I get it. He was excited. He’d had a hand in the original draft, working with Benjamin Franklin, Robert Livingston, Roger Sherman, and of course Thomas Jefferson to get it just so. Like a student who waited too long to start his final term paper and stayed up all night before the due date, assuming that in his push to get it finished, he’d written the most brilliant words ever penned by any student in the history of students, Adams was probably anxious to get it turned in to the Continental Congress, send it on to the king, and sit back to watch the fireworks.

That looks like a lot of hard work. Image by Lorenzo Cafaro from Pixabay

Not surprisingly, however, Adams and his fellow committee members weren’t the only ones who had something to say about the wording of the Declaration. The debating began. In some ways, this important American document was improved by a few tweaks here or there, a little tightening of language or nuance of phrasing. And in other ways, it was made worse, like in the removal of all references to the immorality of slavery.

It’s still possible to make the wrong decision in revision, too, which is one of the things that makes it so difficult. But the Continental Congress figured out where they had to compromise in order to make the declaration work well enough for all the representatives in the room to move forward. The final draft would be signed nearly a month later on August 2. The date at the top of the document, however, remained July 4, which became an officially declared federal holiday in 1870.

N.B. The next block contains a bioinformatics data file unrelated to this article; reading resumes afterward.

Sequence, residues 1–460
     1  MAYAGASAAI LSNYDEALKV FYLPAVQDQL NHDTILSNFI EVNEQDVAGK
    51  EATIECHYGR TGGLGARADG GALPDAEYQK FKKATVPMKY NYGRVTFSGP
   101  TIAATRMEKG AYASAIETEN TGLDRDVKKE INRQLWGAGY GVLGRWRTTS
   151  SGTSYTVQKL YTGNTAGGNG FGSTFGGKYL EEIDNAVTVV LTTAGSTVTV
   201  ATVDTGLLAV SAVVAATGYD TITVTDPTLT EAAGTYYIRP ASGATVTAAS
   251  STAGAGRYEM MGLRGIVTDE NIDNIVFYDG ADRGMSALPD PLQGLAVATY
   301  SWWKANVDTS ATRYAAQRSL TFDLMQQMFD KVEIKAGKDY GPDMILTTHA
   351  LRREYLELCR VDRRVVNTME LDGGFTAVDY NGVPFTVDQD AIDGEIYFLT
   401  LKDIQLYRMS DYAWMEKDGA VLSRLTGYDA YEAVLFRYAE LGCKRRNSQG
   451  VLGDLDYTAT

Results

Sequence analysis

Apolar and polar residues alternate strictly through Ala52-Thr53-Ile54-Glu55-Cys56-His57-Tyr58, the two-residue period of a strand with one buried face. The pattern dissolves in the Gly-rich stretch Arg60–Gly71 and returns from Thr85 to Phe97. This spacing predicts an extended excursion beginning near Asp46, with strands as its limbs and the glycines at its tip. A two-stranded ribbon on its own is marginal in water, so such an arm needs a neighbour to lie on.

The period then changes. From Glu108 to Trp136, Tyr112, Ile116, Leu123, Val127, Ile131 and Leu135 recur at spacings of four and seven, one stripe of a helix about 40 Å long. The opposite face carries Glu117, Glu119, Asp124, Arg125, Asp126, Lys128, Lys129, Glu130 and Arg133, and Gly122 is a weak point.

The date is pretty ingrained at this point and I think, all things considered, it’s the right one to celebrate, though with the 4th falling on a Sunday this year, and much to the frustration of my poor dog, I suspect many of my neighbors will celebrate with illuminations on the 2nd and 3rd as well.

But in my mind, the 4th is the day the United States truly embarked on the notion that freedom and liberty sometimes require compromise and consideration of those who don’t agree with us, and that revision is painful, difficult, and necessary work.

Ooh. Aah. Illuminations! Image by PublicDomainPictures from Pixabay

The United States, such as it was imagined by the Second Continental Congress, wasn’t a perfect nation, nor was the vision of it perfected yet. That would take many, many years. So many, in fact, we’re still counting, and I suspect always will be.